In the beginning…….a cake was a cake and a pudding was a pudding. Then……along comes the dessert cake.
In my book, a cake is something you can pick up from the plate with your fingers and eat without having too much of it running down your chin. You might want to use a cake fork in polite company but you wouldn’t expect to look like a bag lady after just a couple of mouthfuls.
A pudding is something you would eat with a fork or, better still, a spoon, especially if it’s accompanied by a good dollop of custard, cream or ice cream.
So where, may I ask, does the dessert cake fit in?
This recipe comes from a book by Rachel Allen called “bake” and it’s described as a cake. And very popular it is if you are to believe the words in the book.
I love Rachel Allen’s recipes. They always work and I have never had a bad result with one. But this is not a cake, it is most definitely a pudding. Or, to be charitable, a dessert cake.
There was a clue in the recipe where it said to leave the cake to cool in the tin and serve in squares. No mention was made of turning it out and serving it on a plate. It was my idea to do that, thinking it was a cake because it was called a cake.
The recipe states quite clearly that the apples will sink to the bottom and they did. No problem with that except that that would make it impossible to eat the cake as if it was a cake. A pudding it most definitely is. The next time I make it – and there will be many, many next times as it was utterly delicious – I will make it in a pudding dish and serve it in slices, or even spoonfuls, straight from the dish and have done with it!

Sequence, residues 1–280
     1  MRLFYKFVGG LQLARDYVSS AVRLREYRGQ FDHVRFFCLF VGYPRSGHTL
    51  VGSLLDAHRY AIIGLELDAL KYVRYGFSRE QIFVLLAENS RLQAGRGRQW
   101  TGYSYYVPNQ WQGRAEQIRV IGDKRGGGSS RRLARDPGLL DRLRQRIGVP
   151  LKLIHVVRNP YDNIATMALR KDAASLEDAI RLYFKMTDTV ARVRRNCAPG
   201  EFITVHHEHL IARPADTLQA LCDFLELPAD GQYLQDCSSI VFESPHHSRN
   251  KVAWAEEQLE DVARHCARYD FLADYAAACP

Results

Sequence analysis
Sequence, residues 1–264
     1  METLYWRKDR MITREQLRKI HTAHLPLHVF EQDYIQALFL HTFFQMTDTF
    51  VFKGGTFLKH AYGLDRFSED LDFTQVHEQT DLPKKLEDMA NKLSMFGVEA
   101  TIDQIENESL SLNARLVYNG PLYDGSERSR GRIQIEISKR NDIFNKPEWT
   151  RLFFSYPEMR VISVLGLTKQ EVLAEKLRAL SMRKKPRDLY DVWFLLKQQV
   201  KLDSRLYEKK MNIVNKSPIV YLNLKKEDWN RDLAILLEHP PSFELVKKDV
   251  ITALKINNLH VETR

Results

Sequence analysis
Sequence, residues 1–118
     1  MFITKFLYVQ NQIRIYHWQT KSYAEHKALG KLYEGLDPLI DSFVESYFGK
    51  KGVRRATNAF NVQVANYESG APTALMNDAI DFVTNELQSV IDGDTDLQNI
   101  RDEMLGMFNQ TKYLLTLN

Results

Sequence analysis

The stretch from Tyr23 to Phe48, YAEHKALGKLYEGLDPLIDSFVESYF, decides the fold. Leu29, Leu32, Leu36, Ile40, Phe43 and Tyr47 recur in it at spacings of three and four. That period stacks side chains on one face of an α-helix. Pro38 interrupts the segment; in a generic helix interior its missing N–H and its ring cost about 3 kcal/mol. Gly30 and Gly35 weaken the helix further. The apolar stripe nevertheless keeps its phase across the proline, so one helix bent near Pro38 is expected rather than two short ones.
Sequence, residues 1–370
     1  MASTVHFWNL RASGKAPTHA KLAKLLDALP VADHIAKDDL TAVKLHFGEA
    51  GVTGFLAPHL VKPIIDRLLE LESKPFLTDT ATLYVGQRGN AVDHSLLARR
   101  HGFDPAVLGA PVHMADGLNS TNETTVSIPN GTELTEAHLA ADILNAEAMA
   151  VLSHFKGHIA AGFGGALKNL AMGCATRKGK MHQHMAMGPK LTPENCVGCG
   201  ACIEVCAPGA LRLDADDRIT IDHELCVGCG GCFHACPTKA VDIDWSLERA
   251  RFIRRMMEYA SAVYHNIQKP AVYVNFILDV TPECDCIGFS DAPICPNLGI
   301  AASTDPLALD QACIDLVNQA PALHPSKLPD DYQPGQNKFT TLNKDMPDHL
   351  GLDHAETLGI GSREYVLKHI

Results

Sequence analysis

There was a nervous moment as I took it out of the oven and saw that for some reason the middle had developed an entirely different crust from the rest of it. I presumed the middle was still completely uncooked but no, it was beautifully done. Although it did sink in the middle.
So, the next time I think I might make an apple crumble or Eve’s pudding, I will make one of these instead. I won’t bother too much about how the apple slices are arranged on top because they sink to the bottom where you can’t see them.
My quest to find the perfect apple cake continues but as for a perfect apple pudding – this one would take some beating.
175g golden caster sugar
½ tsp vanilla extract
125g plain flour
½ tsp ground cinnamon
2¼ tsp baking powder
1 large cooking apple
1 tblsp golden caster sugar for sprinkling
Preheat the oven to 200°C / 180° fan / gas mk 6. Line a 20cm square (or 23cm round) cake tin with baking paper.
In a large bowl, whisk the eggs and sugar together with an electric whisk until thick and mousse-like and ribbons of mixture form when dropped from the whisk. This may take about 5 minutes.
Put the milk and butter into a small saucepan and heat gently until the butter is melted. Pour in to the egg mixture and whisk in as you pour.
Sift in the flour, cinnamon and baking powder and fold in gently. Pour into the prepared tin.
Peel and core the apple and slice thinly. Arrange over the top of the mixture and sprinkle the extra caster sugar on top.
Bake for 10 minutes then reduce the oven temperature to 180°C / 160° fan / gas mk 4.
Bake for a further 20-25 minutes until golden brown and cooked.
Cool in the tin and serve in squares or spoonfuls with custard, cream or ice cream.
Cuts into 8-9 portions.
This is a lovely recipe - I've got the same book and I've made a number of the cakes (or puddings). You're right that this is better called a dessert. But I remember eating lots of different apple cakes while wandering around Dorset in the early 1980s and they were all served as desserts (usually with very fine cream) and so I've usually eaten apple cake that way ever since. I have it on good authority that I look like a bag lady most of the time anyway.ReplyDelete
yes! Picking up a cake. Best description of a pudding cake ever. This looks glorious!ReplyDelete